In the United States, and increasingly around the world, it’s easy for consumers to find high-calorie, nutrient-poor foods, including sugar-sweetened drinks, fast foods and highly processed snack foods — they’re abundant, easily accessible and perceived as more affordable than healthier foods.
The Farm Bill renewed every five years or so, plays a significant role in shaping this food environment by influencing what foods get produced, how they are produced, who has access to them and, in some cases, how foods are marketed.
The majority of dollars in the bill primarily support the production of agricultural commodities (corn, soybeans, wheat, rice and cotton) and food programs (the Supplemental Nutrition Assistance Program [SNAP], formerly called Food Stamps) for low-income Americans.
So even though the name of the bill suggests that farmers are the primary beneficiaries, the Farm Bill has a significant impact on American eaters and, to some degree eaters around the world. Yet, the idea that food and agricultural policy should consider public health is still a novel one, as is the unavoidable link between consumers having access to healthy food and farmers having the ability to make a living growing it.
A Farm Bill that maximizes the availability of healthy foods while making it economically viable for farmers to grow them requires strong collaboration between the public health and agriculture sectors. The public health community can take an important step toward collaboration by looking beyond Farm Bill nutrition programs to gain a better understanding of how farm-support programs in the Farm Bill affect what farmers grow and, ultimately, what’s available to eaters.
Commodity programs in the Farm Bill established a pervasive cycle of public support for a handful of crops that (along with relatively high commodity prices) incentivize a smaller number of ever-larger farms. There is no comparable support for fruits and vegetables. This lack of support, combined with more mechanized production practices, means it’s much easier for farmers to earn a living growing commodity crops for livestock feed and fuel additives than by growing fruits and vegetables. In turn, the overproduction of some commodity crops, such as corn and soybeans, incentivizes food manufacturers to use these cheap ingredients in the form of high fructose corn syrup and hydrogenated vegetable oils — ingredients now linked to increases in caloric intake due to their ubiquity in processed foods.
Credit and adequate crop insurance are vital for American farmers to meet the growing demand for healthier food. Farmers often can’t buy seed, plant or bring a crop to market without access to credit. Additionally, with the average age of American farmers at 57, credit is needed to enable beginning farmers to obtain land, seed and equipment. Lack of access to credit can also impact farmers’ ability to scale up production to meet demand for increasingly popular programs such as Farm to School.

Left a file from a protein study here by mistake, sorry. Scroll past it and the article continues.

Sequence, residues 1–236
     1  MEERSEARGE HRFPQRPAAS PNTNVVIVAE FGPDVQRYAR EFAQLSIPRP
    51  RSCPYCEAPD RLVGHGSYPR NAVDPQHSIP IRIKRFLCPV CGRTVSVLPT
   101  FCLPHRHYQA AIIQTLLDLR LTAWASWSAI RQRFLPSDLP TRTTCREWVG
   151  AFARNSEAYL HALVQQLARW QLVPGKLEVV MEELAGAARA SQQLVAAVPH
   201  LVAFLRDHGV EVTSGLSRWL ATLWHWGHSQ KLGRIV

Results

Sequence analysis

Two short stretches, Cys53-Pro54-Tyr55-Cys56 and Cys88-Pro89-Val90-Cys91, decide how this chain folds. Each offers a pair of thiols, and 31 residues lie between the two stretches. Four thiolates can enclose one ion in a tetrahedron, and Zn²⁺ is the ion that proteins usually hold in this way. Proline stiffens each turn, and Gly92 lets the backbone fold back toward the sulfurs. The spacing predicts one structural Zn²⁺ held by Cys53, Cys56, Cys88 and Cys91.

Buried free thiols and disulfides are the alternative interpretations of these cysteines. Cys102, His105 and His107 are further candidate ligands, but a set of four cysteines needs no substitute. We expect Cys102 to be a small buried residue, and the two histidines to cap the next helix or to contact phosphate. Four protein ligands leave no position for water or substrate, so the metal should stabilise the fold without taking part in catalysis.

Before granting credit, lenders want to know that farmers have adequate crop insurance to manage the inherent risk of crop failure due to increasingly unpredictable weather in the form of floods, drought and pests. Through the Farm Bill, the United States government provides billions of dollars in crop insurance subsidies to both insurers and farmers, but a 2007 USDA study found that 80 percent of total policy premiums (and federal subsidies) support just four commodities: corn, soybeans, wheat and cotton. Conversely, insurance for growers of fruits and vegetables, and diversified farms growing multiple crops plus livestock is inadequate — especially for smaller producers.
The Farm Bill also funds agricultural research, to determine future trends for what American farmers will produce and how they will produce it. Today’s agriculture reflects several decades of research focused primarily on large-scale, chemically intensive production of commodities, meat and poultry. Comparatively, support for fruits, vegetables and sustainable meat production without antibiotics has been miniscule.
Finally, in a summer of record-breaking drought, we cannot overlook the importance of Farm Bill conservation programs. These programs help farmers protect the environment by, for example, planting perennial crops that improve soil and require less water or creating buffers between fields and streams to protect water from pesticide runoff. We need to develop a food system that will be resilient in the face of global climate change. So far, the 2012 Farm Bill is shaping up to be more of the same: overwhelming support for a handful of commodity crops that primarily benefit agribusiness while nutrition, conservation, fruits and vegetables and socially disadvantaged farmer programs are slated for deep cuts.
Amid this scenario, there is little discussion on Capitol Hill about public health or the impact of proposed policies on American eaters. Stronger engagement from the public health and health care communities in concert with farmers is essential if we are to build food and agriculture policy accountable to everyone it impacts.